What do you do when your whole family is suddenly gone? How do you keep going, and how do you find any meaning in life? Even worse, how do you figure this out when you’re only 12 years old? This is the premise of Dear Edward, the best-selling book by Ann Napolitano. Young Eddie is on a plane bound for California with his parents and older brother when it crashes and Eddie is the sole survivor. He goes to live in New Jersey with his childless aunt and uncle, where he becomes Edward, a person he himself can’t recognize. He can’t sleep, can’t eat, and is sustained only by his friendship with his next-door neighbor Shay, who thinks he’s like Harry Potter: The Boy Who Lived. Gradually, from the 2012 crash until the book’s end in 2019, Edward starts to redefine himself and find his purpose, but it’s a long and bumpy road.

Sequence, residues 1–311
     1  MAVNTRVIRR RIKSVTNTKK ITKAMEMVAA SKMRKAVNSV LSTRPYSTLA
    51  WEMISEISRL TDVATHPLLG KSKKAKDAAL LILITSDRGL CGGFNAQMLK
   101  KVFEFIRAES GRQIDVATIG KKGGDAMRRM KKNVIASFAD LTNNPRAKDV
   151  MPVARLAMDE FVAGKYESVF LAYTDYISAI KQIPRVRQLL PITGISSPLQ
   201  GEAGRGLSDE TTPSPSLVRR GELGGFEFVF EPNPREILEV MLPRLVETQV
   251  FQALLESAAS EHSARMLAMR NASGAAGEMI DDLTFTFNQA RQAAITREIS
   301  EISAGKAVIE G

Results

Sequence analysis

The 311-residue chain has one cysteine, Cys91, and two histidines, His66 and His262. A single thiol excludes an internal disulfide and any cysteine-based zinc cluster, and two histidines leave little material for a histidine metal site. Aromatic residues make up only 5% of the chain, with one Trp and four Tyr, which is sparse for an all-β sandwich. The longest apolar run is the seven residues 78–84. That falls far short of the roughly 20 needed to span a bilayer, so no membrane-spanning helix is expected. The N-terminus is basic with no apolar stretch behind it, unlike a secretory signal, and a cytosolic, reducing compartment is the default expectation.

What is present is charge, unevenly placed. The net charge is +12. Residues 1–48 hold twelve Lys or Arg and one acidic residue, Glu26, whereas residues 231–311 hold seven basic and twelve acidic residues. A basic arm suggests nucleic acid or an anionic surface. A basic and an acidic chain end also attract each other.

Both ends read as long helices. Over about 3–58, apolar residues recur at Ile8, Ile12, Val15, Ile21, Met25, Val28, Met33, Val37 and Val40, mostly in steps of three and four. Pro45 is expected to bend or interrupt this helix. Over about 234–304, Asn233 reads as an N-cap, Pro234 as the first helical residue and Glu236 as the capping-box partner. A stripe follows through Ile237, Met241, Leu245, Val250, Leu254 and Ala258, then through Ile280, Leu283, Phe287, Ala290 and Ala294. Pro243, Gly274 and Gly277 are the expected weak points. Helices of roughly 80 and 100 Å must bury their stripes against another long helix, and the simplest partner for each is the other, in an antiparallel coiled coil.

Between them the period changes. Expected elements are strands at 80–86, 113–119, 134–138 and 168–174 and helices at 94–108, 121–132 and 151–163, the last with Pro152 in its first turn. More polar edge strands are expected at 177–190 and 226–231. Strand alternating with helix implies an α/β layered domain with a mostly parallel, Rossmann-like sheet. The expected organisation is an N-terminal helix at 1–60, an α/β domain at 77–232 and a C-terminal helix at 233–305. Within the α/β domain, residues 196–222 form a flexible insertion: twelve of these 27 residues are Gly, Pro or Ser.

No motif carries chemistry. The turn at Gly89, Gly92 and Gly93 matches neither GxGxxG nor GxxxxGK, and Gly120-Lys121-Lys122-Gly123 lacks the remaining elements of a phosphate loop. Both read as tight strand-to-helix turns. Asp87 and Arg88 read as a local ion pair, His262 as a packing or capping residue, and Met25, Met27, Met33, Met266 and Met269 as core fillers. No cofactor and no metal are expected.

Napolitano does a masterful job with the story, telling it alternately from Edward’s point of view in the present and from the points of view of various people on the plane during its final flight. This juxtaposition gives the reader a fully developed understanding of what happened in the crash, but also context for Edward’s suffering outside his own thoughts. Napolitano’s writing makes Edward’s pain almost palpable, but it’s never melodramatic or overdone.
When I first learned of the plot of this book, I thought I wouldn’t want to read it because it might be too heartbreaking. It wasn’t, though. Sure, it’s sad, but ultimately hopeful, an ode to human resilience and kindness. Edward learns, as many of us do, that the only way forward is to love.